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17 comments

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  1. Michael Briggs

    Robin,
    My wife Nancy and I would like to arrange a tour of the Upottery airfield on Thursday, June 22nd. Would that be possible?

    Thanks,

    Michael Briggs
    mbriggs@callcoverage.com

    1. Robin

      Michael, yes that should be possible, could you please contact me via robin273@btinternet.com. I will also copy this message via email

  2. Mrs C Elbro

    where actually is the airfield, and as I am a group organiser with not many people, I would love to bring them to see your airfield. we visited the old RAF Base airfield down on Bodmin Moor. and they told us about your place.
    so I wonder if you would send me a leaflet, I would pay for it. or some info on how to get to you. ( my cousin was in the RAF during the war, she used to live in OSM but I don’t know where she was based. and she was the only one in family to be in the RAF as all the others were Army or Navy…..she drove ambulances, when not playing in a band….
    Anyway please let me know when you are open and how to find you

    Carmel

    1. Robin

      Carmel, Thanks for your communication. The WW2 Upottery airfield is at a hamlet called Smeatharpe between Honiton and Taunton on the Devon Somerset border. We have a Heritage Centre there, the postcode is EX14 9RD.
      It is open Thurs-Fridays and Saturdays between 11am — 4pm. Unfortunately it will close for the winter at the end of this month October. But it can be available during the winter by prior appointment.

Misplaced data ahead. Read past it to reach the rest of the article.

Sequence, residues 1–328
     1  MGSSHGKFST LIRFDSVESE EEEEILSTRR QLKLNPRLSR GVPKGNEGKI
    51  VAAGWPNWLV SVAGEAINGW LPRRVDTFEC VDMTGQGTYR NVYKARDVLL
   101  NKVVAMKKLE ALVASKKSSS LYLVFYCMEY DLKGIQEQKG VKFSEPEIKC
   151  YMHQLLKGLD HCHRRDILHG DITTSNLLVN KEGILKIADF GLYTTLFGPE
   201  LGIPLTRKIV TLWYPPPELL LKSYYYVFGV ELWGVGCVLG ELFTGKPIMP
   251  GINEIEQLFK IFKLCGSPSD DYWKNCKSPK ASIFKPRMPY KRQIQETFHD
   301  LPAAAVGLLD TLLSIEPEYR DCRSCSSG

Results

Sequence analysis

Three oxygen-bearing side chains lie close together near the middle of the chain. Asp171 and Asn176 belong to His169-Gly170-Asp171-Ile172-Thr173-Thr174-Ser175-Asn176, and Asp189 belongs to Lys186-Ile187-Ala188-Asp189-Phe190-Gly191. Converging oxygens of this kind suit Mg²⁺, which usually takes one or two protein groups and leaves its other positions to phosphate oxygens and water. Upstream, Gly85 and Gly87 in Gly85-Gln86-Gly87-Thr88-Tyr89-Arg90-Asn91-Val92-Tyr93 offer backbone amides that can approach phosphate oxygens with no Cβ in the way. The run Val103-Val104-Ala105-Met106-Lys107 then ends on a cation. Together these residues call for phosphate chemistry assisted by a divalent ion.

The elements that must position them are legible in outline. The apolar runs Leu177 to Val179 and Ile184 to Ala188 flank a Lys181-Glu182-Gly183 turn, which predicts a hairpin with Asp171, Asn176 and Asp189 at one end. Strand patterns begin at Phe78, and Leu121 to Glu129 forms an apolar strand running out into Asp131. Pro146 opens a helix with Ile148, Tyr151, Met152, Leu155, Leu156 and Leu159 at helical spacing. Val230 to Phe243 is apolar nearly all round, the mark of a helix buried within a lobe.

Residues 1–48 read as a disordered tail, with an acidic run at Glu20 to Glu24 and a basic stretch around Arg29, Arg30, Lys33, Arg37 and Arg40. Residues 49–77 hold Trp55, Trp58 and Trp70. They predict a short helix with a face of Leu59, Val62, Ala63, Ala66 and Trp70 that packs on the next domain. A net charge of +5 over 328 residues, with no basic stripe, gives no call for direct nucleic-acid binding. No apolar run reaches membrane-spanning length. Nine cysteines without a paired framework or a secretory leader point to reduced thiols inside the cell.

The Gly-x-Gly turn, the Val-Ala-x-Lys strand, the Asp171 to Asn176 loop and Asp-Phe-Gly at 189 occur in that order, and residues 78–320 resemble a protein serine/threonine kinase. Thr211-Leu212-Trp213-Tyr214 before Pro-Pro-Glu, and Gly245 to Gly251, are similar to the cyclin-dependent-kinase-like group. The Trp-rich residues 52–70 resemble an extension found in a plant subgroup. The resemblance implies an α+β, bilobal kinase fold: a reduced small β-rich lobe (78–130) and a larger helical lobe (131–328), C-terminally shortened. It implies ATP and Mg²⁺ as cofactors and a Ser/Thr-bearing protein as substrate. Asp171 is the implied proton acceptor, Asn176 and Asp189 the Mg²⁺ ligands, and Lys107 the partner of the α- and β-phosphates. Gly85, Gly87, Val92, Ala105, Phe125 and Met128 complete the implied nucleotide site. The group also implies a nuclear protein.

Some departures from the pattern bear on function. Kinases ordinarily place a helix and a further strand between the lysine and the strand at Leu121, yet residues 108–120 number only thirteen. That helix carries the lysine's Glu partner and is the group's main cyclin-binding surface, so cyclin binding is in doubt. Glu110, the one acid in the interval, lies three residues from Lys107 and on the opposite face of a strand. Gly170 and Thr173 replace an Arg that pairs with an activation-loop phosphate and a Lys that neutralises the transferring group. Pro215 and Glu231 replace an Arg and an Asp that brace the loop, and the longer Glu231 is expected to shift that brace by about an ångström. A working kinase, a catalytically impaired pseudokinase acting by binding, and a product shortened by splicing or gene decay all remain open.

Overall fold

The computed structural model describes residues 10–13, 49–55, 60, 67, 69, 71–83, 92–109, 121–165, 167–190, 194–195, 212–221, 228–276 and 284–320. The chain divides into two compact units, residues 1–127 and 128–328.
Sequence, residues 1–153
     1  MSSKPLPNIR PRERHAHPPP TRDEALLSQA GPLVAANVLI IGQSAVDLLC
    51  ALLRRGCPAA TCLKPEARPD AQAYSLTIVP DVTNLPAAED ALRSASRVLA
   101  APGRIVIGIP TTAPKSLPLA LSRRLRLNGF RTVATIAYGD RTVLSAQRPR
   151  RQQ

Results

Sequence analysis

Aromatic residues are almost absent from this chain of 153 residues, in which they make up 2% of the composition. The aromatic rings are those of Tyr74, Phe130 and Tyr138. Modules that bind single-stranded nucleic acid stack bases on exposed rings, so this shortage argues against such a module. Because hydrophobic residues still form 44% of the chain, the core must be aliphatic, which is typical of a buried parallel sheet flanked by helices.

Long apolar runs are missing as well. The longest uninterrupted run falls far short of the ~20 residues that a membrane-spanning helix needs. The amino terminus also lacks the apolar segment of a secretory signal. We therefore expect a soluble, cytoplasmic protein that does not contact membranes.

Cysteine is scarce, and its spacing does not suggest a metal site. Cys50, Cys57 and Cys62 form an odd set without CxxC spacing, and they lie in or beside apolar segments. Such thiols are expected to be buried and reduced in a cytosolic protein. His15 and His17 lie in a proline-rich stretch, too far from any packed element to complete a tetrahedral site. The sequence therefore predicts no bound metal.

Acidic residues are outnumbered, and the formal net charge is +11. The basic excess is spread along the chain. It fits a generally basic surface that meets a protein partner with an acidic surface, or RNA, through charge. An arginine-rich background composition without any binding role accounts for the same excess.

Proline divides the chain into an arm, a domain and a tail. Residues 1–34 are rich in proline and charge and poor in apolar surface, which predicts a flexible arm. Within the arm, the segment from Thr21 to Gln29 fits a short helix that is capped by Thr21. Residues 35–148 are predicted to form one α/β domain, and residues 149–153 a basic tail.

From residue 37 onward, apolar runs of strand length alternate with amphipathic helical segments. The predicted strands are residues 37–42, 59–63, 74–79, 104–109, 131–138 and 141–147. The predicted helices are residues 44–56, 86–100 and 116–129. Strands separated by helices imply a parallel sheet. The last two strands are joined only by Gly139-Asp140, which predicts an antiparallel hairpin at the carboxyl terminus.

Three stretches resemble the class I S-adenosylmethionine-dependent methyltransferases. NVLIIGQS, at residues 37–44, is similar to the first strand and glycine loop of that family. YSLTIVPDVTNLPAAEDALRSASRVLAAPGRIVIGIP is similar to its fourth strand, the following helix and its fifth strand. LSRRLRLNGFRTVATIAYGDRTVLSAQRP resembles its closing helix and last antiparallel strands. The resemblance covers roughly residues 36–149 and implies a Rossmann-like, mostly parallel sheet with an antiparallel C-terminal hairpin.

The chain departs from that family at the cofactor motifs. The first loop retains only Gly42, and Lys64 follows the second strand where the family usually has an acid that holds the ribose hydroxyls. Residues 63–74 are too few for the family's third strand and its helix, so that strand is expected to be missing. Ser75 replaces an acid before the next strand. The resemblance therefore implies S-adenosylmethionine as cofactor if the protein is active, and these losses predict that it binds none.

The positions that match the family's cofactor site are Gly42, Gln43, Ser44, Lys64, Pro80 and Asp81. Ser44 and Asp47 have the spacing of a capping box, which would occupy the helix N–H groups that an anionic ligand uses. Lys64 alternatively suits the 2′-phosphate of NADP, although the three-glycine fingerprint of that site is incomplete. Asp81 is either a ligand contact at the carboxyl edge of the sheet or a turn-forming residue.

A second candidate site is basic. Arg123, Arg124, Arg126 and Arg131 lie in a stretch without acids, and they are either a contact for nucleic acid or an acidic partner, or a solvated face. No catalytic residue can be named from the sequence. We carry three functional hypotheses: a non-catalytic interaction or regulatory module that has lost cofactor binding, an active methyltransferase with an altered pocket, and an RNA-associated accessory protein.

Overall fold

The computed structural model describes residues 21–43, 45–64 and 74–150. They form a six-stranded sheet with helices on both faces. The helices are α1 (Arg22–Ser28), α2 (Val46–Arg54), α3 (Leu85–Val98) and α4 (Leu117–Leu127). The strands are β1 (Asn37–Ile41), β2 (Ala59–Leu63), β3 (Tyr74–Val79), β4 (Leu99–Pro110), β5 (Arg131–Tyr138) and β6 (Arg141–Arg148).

If you would like one of our flyers for both Upottery and Dunkeswell please send me your postal address in an email.

      Any other help I can provide please come back to me Best Wishes Robin for the SWAHT.

  3. Bob Stonebraker

    Thank you, and Thank God we won!!!

  4. Brandon J.White

    I regret I do not know HOW to create a WEBSITE……I do have some things which I could display on it, and a few tales to tell of my days spent on the airfield…..I am a Dakota artist as well, but have not painted any 439th TCG pictures….I did take photos of ‘our’ meeting with Mr Mason, the owner of ‘Smeatharpe Airfield’ at the time, and when pacing out the area required for the Stadium we proposed to build on the end of the runway ! That is Roy Goodman and me, with Mr Mason of course……any advice on HOW to create a WEBSITE would be most welcome. I know my small bits of info and photos taken from the air and on the ground would be welcomed etc. Best wishes, Brandon White.

    1. Robin

      Brandon, I tried contacting you a while back, if you want to follow up your inquiries please contact the email address supplied on the web site

  5. Martin Cross

    Hello,

    Apologies for this being extremely late in the day but I was wondering if you may be able to accommodate an airfield visit to Upottery Airfield on Sunday 22nd February in the morning at some point. I am a WWII reenactor with a deep interest in WWII and I am in Exeter this weekend.

    I look forward to hearing from you.

    Kind Regards,

    Martin Cross

    1. Robin

      Martin, I have sent you an email. For those interested in tours at short notice it is best to use the email contact on the home page.